Have you ever looked up at the stars and wondered... Why is an SMS 160 characters? No? Why not? As a kid it was all I could think about, well maybe not all. But I did think about it for a moment, a few times at least.
Whether you have pondered long and hard about the makeup of the 160 character limit, or really just started thinking about it as you read this title, there's actually a pretty interesting story behind it.
Many believe it was the work of one man, Friedhelm Hillebrand as he strove to define the boundaries or short form communication. Others simply suggest it was bound by technological constraints and educated guesses. Just which story possess the most truth? You be the judge.
The Friedhelm Hillebrand Story
In 1985 a gentleman by the name of Friedhelm Hillebrand, a chairman of the Global System for Mobile Communications (GSM), (a group that sets standards for the majority of the global mobile market) had the task of setting the limit on the amount of characters a text message could contain.
The story goes that to do this, Friedhelm grabbed his trusty typewriter, sat down with a nice cup of tea and typed out a number of random sentences, and questions, on a sheet of paper to try and determine what the average number of characters used was.
After a number of tests, Friendhelm begun to see a pattern within his work. The majority of sentences he constructed fell in just under 160 characters. Although this scientific test would fail dramatically under today's standards, Friendhelm was satisfied by his research and went forward to the committee to tell them of his findings.
Understandably unconvinced by his work, the committee disagreed with Friendhelm's methods, suggesting a text message would require almost double the characters set.
It's believed to calm the committee's fears, Friendhelm committed further 'research' into the matter.
He first took a bunch of postcards that he had received, collated the data and found that these postcards contained fewer than 150 characters. By this finding, he was actually being nice by offering users an additional 10 characters.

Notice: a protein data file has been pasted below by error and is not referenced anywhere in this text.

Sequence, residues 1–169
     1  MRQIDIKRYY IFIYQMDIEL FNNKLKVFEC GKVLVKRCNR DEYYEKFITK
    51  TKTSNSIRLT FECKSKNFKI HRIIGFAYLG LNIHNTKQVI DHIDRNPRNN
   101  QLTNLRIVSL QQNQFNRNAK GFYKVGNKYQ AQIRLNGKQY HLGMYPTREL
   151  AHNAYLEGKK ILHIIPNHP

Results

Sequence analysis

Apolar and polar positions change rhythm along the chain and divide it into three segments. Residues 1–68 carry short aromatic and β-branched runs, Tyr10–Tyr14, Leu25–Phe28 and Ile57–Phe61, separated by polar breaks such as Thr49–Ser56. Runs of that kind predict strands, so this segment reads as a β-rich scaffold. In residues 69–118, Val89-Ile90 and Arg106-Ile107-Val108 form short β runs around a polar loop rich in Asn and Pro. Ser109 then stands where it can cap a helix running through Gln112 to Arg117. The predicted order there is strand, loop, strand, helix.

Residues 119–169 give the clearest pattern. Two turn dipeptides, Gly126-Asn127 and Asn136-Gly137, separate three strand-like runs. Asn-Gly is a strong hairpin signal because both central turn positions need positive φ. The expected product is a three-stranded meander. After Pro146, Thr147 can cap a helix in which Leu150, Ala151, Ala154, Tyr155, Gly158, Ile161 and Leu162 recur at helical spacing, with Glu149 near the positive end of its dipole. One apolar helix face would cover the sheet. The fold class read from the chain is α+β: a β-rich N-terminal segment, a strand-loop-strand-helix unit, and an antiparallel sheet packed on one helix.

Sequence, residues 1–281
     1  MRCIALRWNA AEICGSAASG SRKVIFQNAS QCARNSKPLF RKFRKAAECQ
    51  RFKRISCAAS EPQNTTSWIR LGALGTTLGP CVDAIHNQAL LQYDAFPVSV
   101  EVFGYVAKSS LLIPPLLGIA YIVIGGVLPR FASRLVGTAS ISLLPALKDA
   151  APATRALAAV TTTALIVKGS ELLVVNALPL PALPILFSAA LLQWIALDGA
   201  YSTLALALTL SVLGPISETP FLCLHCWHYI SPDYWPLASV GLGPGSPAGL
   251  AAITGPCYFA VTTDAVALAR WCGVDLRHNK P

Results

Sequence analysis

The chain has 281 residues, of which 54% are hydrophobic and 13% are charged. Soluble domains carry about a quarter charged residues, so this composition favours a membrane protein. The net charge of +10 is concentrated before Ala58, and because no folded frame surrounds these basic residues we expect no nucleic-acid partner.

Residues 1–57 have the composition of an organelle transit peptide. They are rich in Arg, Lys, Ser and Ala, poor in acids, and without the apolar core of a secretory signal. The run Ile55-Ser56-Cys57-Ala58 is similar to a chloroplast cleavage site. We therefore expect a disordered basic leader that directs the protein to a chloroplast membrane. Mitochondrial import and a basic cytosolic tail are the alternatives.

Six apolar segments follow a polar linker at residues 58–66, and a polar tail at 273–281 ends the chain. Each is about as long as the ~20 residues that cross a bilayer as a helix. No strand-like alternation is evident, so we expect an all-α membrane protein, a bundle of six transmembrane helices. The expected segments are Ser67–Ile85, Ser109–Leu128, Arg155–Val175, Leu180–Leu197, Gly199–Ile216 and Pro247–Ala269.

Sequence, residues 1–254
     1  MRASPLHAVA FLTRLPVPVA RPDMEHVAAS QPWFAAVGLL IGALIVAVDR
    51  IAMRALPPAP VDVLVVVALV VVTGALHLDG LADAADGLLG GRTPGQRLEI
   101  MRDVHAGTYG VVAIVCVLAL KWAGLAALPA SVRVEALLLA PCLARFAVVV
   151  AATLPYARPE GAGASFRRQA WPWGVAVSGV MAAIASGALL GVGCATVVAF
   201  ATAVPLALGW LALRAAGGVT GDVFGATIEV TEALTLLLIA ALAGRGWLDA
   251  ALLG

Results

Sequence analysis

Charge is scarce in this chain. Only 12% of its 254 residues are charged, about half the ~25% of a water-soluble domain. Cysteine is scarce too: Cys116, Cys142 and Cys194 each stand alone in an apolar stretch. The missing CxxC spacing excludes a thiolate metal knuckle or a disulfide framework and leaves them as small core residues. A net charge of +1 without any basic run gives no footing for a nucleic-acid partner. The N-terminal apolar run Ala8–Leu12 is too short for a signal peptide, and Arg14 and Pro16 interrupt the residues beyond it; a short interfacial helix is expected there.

Secondly, Friedhelm analysed a number of messages sent through Telex (a telegraphy network for business professionals). As Telex transmissions don't have a limit on the number of characters one can send, you'd be excused to think that 200, 300, 500-word messages were coming through. In fact, Friendhelm found that on average the word volume within the messages being sent was roughly the same length as the messages received on the postcards. Fascinating!
A More Technical Explanation
The other side to the story, and one that is unfortunately much less exciting, is that the SMS was not designed so deliberately by one man, rather mostly likely a 'convenient accident' centered around the technical makeup of the telecommunications network towers.
The GSM cellular network towers that were used to interpret calls work on a system called packets. These packets have limited space (140 bytes) after the call information is taken out.
SMS messages actually just ride on the back of these packets. It's understood that those in the Global System for Mobile Communications (GSM) simply looked at the packet size they had available and made an educated guess on the back of this. This then made it into the GSM standard, and since GSM is a rigid standard, all the terminal vendors built handsets that complied to it.
So let's do the math. Within these packets, there was 140 bytes of space left. Under the old system 1 byte = 8 bits, which equals 1 character. Using the GSM standard, we are now able to reduce the character sets into 7 bit. This can then be formulated (140 bytes x 8/7) equaling 160.
Be it research, fate or simply coincidence, the exact story behind the 160 character SMS limit may never truly be known. Personally, I think it's a combination of the two. Mr. Hillebrand may have done his own research, identifying a rough marker as to what the standard length for short messages was, but ultimately it falls to these glorious pockets of space. I think simple coincidence and an educated guess all played their parts in the 160 character limit.
What do you think?